It’s National Stop Snoring Week. Get the facts! | ResMed

It’s National Stop Snoring Week. Get the facts!

Stop Snoring week in UK ResMed can help

April 24th 2018

Every year, the British Snoring and Sleep Apnoea Association celebrate National Stop Snoring Week. This annual UK event started on the 23rd April 2018 and promotes general awareness of snoring with the message that nobody needs to suffer from this condition: snoring can be treated!

Snoring is not just a male problem…

Snoring is not normal but it is common: a 2007 study of 850 men between the ages of 22 to 66 found that 34.6% of them were regularly snoring!1

While men are usually the butt of snoring jokes – indeed most of the images related to snoring feature a frustrated female struggling with their male partner’s snoring – women also suffer from snoring. In fact, it is estimated that there are a whopping 15-million snorers in the UK and 4.5 million of those are thought to be women!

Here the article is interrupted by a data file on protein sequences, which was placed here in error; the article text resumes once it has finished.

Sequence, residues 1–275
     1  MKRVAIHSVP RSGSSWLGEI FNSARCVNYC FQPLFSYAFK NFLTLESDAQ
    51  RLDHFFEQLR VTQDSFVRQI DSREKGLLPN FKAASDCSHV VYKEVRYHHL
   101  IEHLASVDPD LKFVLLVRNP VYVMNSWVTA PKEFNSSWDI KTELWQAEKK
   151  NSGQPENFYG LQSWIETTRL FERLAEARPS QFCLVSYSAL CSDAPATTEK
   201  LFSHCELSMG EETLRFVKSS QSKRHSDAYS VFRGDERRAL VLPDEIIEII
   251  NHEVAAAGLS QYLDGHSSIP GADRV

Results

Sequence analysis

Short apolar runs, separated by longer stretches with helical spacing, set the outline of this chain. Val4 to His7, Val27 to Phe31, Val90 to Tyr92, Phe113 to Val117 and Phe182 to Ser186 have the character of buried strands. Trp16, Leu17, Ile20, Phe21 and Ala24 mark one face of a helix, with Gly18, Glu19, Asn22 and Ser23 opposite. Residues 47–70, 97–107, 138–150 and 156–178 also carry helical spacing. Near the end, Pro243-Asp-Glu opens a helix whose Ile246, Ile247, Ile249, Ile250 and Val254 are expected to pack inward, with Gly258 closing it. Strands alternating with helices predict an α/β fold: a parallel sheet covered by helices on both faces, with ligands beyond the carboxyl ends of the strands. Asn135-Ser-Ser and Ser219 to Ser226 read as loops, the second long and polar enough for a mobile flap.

Not all snorers have OSA

However almost everyone who has OSA does snore! It’s a fact that snoring is a main symptom of obstructive sleep apnoea (OSA)2; the link between snoring and sleep apnoea is quite striking: 3 in 10 men and nearly 2 in 10 women who are regular snorers also suffer to some degree from OSA3

Get the facts on Snoring & OSA

We’ve put together a list of our 20 favourite facts about snoring & Obstructive Sleep Apnoea (OSA) in the easy-to-read infographic below. So let’s get the nation talking about it during National Stop Snoring Week!snoring-osa-20-facts Sleep apnoea blog ResMed UK


  1. Teculescu D & al. Habitual snoring. Prevalence and risk factors in a sample of the French male population. Revue des Maladies Respiratoires, 2007 Mar, 24(3 Pt 1):281-7.
  2. Meslier N, Racineux JL. Ronflement et syndrome de haute résistance. Rev Mal Respir 2004 ; 21 : 2S35-2S42.
  3. Young T et al. The occurrence of sleep-disordered breathing among middle-aged adults. N Engl J Med 1993; 328(17):1230–5.
  4. Vecchierini MF & al. A custom-made mandibular repositioning device for obstructive sleep apnoea-hypopnoea syndrome: the ORCADES study. Sleep Med. 2016 Mar;19:131-40. doi: 10.1016.

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